Editor’s note: this post discusses suicide.

Normal is a goal we always seemed to reach for. It was something we could stand on the tallest chair, extend our arms as far as our toes would take us, but still could never quite grasp. We would dream of normal—what it would be like to live a full month with no big issues or ordeals; what it would look like if we could go to work form 8-5 and not worry about anything before or after; what it would feel like if we moved to a cabin in the woods and separated ourselves from the world. I remember we would even laugh at the question of, “What is normal?”

We would dream. Yet our dreams were met with the harsh reality that our life didn’t look like that. Although we held on to the dream, normal was something we didn’t feel the past few years.

After many years of fighting to find answers, my husband was finally diagnosed with clinical depression and ADHD last year. He was also tested for bipolar disorder. For years, my husband struggled to find an answer as to why his thoughts and feelings did not match his spiritual beliefs, his physical symptoms, and his day-to-day struggles.

Though my husband was fully alive, I lost him years ago.

In some ways it was a slow change, but in many other ways it was immediate and drastic. I knew he struggled with depression when I met him. We assumed it was situational, but it became worse over the years. In 2015, we lost a little girl before she was able to enter this world. I saw a drastic change in him after that traumatic experience. His depression worsened, his struggles became more severe, and his fight was like that of a never-ending roller coaster ride. He would fight for a while, then give up for a short time, then muster enough strength to fight again.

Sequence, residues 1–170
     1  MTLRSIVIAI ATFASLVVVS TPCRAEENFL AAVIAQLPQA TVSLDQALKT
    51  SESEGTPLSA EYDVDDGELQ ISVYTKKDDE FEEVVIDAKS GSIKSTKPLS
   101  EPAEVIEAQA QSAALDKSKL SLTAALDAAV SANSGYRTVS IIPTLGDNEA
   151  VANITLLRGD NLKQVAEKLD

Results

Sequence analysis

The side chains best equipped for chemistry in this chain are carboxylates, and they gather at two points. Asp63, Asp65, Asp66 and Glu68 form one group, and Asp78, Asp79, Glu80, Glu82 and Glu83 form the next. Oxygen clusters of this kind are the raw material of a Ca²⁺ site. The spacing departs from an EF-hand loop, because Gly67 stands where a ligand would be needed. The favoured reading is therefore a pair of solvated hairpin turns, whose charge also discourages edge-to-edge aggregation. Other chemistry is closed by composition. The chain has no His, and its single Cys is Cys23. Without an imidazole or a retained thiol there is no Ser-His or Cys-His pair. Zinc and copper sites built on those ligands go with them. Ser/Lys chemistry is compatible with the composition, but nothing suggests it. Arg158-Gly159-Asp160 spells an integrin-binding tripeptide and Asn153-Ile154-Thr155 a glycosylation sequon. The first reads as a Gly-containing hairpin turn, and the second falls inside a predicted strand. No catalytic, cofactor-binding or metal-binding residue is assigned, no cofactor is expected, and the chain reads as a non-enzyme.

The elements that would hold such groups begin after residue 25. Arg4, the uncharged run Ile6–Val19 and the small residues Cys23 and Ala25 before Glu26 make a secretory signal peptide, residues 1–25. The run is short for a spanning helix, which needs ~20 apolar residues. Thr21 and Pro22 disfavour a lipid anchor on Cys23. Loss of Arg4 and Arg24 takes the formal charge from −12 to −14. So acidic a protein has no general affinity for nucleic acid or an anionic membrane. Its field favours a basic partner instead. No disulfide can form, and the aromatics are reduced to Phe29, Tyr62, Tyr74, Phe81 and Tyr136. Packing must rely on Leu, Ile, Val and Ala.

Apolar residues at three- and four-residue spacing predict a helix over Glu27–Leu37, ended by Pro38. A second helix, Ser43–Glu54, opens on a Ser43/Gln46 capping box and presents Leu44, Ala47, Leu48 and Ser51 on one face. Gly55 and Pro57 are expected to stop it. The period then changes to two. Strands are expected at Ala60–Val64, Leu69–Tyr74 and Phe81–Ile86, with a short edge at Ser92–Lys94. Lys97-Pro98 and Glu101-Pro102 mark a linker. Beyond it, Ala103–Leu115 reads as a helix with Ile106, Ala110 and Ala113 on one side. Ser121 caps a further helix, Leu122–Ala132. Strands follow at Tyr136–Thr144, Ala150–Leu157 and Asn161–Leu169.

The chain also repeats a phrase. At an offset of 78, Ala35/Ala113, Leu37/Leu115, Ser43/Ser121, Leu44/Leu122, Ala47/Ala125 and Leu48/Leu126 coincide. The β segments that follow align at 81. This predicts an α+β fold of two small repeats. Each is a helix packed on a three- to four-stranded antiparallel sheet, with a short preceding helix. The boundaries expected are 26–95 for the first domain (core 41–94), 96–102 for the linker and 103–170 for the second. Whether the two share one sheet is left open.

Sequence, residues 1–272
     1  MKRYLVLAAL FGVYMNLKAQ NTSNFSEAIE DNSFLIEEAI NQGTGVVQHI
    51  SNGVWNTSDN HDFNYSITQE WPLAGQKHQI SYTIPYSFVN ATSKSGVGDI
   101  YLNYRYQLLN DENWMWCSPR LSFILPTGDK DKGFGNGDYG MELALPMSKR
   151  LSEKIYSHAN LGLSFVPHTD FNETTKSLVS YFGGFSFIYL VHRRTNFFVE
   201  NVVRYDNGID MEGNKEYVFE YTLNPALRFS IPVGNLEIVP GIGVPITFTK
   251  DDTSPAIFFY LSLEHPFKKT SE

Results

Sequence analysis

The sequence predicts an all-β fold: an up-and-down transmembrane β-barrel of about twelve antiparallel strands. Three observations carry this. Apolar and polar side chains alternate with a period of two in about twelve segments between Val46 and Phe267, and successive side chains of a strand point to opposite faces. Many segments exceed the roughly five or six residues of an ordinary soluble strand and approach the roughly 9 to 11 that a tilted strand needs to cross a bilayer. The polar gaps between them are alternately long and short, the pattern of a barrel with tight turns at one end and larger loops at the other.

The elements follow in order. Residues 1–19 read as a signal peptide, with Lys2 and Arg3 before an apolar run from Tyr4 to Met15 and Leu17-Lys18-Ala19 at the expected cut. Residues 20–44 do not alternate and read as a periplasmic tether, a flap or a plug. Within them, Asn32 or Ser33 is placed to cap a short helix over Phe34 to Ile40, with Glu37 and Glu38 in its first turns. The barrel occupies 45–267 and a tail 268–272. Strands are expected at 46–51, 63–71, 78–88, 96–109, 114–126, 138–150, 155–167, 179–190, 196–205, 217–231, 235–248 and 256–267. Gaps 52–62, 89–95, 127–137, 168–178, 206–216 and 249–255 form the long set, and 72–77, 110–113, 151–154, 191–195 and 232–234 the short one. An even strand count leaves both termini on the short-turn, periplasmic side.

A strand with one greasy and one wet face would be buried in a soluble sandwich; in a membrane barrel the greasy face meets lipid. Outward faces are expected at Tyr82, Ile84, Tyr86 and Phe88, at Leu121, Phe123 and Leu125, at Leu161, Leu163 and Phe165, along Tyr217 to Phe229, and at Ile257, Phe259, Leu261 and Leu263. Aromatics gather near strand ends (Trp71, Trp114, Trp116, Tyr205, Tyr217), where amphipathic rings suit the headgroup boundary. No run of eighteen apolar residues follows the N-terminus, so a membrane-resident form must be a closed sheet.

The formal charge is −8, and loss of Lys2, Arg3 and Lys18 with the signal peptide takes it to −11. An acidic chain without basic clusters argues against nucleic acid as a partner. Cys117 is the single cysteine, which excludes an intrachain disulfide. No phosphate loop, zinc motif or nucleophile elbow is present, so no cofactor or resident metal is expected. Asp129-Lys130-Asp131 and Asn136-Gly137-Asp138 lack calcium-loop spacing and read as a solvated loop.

And so the pattern continued. He couldn’t catch up with his mind.

We took him to doctor after doctor and sought counseling for years. In the meantime, he was diagnosed with cancer and struggled with opioid addiction. He was able to get clean and was in remission, but his mental illness worsened. Opioids seemed to help him for a short time but they didn’t take away his deep-seated feelings of worthlessness and turmoil.

My husband took his life this year at the young age of 31. He fought to the end, but he got tired.

He was an amazing human. He fought so very hard for a long time. I wish he would have stayed in the fight. He is very missed by so many.

You may know this fight well: 

The fight to find the right meds.
The fight to meet others’ expectations.
The fight to understand why your brain will not function as you so desperately want it to.
The fight to find the answer.
The fight that tomorrow will be better—it has to be.

Personally, I do not struggle with a mental illness disorder, though I have been on and off antidepressants for situational depression and anxiety. This was a big reason I became a licensed counselor. I received help when I needed it and I wanted to help others in the same way. As a therapist, I have the knowledge to support my clients, to relieve them of some of their distress, to help them choose life when they wanted it all to end. Yet, with that knowledge and experience, I didn’t help save the man who laid beside me every night.

The question still comes back to my mind: what is normal? I try to find our “new normal” as I move through the grief of losing my husband, the father of our beautiful twins. I am often overwhelmed with guilt, shame, and pain.